to get this done by Labor Day, to allow sufficient time for rerooting. If you want to order more, do so right away. Lateplanted bearded irises may heave out of the ground and die in the winter, but if they have enough time to root, they are very winter-hardy. A tip from the Southern Tier Iris Society: put a brick on late-planted rhizomes to prevent heaving. Spring-planted woodies need to be watered every week unless there is an inch of rain. Ten to 15 gallons per plant is recommended. If you haven’t protected them from deer yet, start planning how to do it. AUGUST In the food garden: The easiest way to expand the veggie garden is to sheet compost now with flattened cardboard boxes. Overlap the edges and then cover them up with whatever you have – grass clippings, woodchips, spoiled hay, or bags of leaves. By spring, most of the weeds will be dead. This is also a good way to prepare the ground for shrub borders, berry plantings, or flowerbeds. You can also use thick newspapers, but they take longer to apply. Harvest garlic when the leaves are yellowing. Next you can weed the area and plant a late crop (see above). It’s best to rotate where you grow garlic, so pick a new spot with lots of sun and good drainage. Maybe, sheet compost the new spot now (see above), until planting time in mid-October. Keep harvesting beans, basil, okra, cukes, summer squash, eggplant, etc., in order for plants to keep producing. It’s OK to leave some peppers on the plant to ripen and turn color. Ornamentals: Nursery stock goes on sale and may be a bargain if it has been well cared for. Be sure to water weekly after planting if rain is insufficient. Keep the watering up until the ground freezes, unless rain is adequate. Order bulbs now for fall planting, to get the best selection of varieties. Lots of spring-blooming bulbs are deer-resistant. Avoid tulips and crocus, and enjoy carefree alliums, winter aconite, snowdrops, snowflake, Siberian squill, glory-of-thesnow, Puschkinia, Fritillaria, and Anemone blanda. Grape hyacinths send up fall foliage, but even when it’s browsed, it doesn’t seem to affect their vigor. Repot your houseplants to get them established before they need to be brought back inside. Keep the lawn mowed at a 3-inch height for the strongest root development and drought resistance. But if a drought drags on, allow the lawn to go dormant. It will revive on its own when rains resume. This is the time to start protecting tree trunks from ‘buck rub’ damage. —Pat Curran and the Tompkins County Master Gardeners Note: The almanac was edited for space in this issue. For the full text, visit upstategardenersjournal.com/almanac-what-to-do-inthe-garden-in-july-august-2014/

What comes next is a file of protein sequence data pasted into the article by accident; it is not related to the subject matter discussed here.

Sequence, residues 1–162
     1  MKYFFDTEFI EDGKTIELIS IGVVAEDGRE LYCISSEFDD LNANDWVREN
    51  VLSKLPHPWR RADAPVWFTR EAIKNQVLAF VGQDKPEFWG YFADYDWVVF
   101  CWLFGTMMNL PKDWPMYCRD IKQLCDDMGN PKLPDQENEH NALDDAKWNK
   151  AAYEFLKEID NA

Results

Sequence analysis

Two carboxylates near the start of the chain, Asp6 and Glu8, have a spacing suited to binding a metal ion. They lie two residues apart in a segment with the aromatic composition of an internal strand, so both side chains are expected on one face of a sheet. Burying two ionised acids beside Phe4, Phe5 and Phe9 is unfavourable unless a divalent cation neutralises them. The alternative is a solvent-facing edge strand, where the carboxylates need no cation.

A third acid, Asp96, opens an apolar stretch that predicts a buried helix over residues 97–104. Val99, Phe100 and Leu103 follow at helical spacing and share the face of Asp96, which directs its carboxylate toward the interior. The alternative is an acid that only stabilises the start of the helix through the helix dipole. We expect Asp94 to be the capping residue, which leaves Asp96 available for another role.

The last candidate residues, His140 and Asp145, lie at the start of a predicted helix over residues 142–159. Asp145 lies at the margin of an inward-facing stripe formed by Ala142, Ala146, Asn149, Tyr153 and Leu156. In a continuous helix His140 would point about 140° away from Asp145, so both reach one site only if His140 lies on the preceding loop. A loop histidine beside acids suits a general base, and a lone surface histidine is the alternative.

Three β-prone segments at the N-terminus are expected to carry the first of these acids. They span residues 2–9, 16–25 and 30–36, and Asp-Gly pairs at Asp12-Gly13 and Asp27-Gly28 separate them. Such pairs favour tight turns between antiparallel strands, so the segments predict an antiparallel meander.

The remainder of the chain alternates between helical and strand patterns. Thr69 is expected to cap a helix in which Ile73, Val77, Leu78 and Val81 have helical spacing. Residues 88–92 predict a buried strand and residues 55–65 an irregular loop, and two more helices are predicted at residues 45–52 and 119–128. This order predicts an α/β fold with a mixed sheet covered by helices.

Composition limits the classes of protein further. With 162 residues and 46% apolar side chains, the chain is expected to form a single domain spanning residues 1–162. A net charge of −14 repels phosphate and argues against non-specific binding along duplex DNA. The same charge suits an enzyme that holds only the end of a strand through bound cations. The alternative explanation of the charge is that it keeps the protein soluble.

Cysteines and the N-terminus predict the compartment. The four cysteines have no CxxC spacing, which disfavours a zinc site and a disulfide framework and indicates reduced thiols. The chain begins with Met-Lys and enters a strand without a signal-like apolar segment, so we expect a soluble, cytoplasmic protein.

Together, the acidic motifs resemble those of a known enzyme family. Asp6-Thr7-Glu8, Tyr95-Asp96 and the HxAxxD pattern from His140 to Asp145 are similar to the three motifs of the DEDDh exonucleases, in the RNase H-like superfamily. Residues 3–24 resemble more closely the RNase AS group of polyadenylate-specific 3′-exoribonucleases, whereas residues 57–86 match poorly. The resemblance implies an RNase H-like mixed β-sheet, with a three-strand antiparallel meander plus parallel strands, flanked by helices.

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Hydrangea Celebration July 25 – August 3 Always the unusual... Schedule your next Birthday Party, Girls’ Night Out, Gardening Workshop, or Garden Club Meeting with US For more information on parties Contact Vicki at (585) 223-1222 or vicki@waysidegardencenter.com

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The Godzilla of the Plant World: Japanese Knotweed by Janet Allen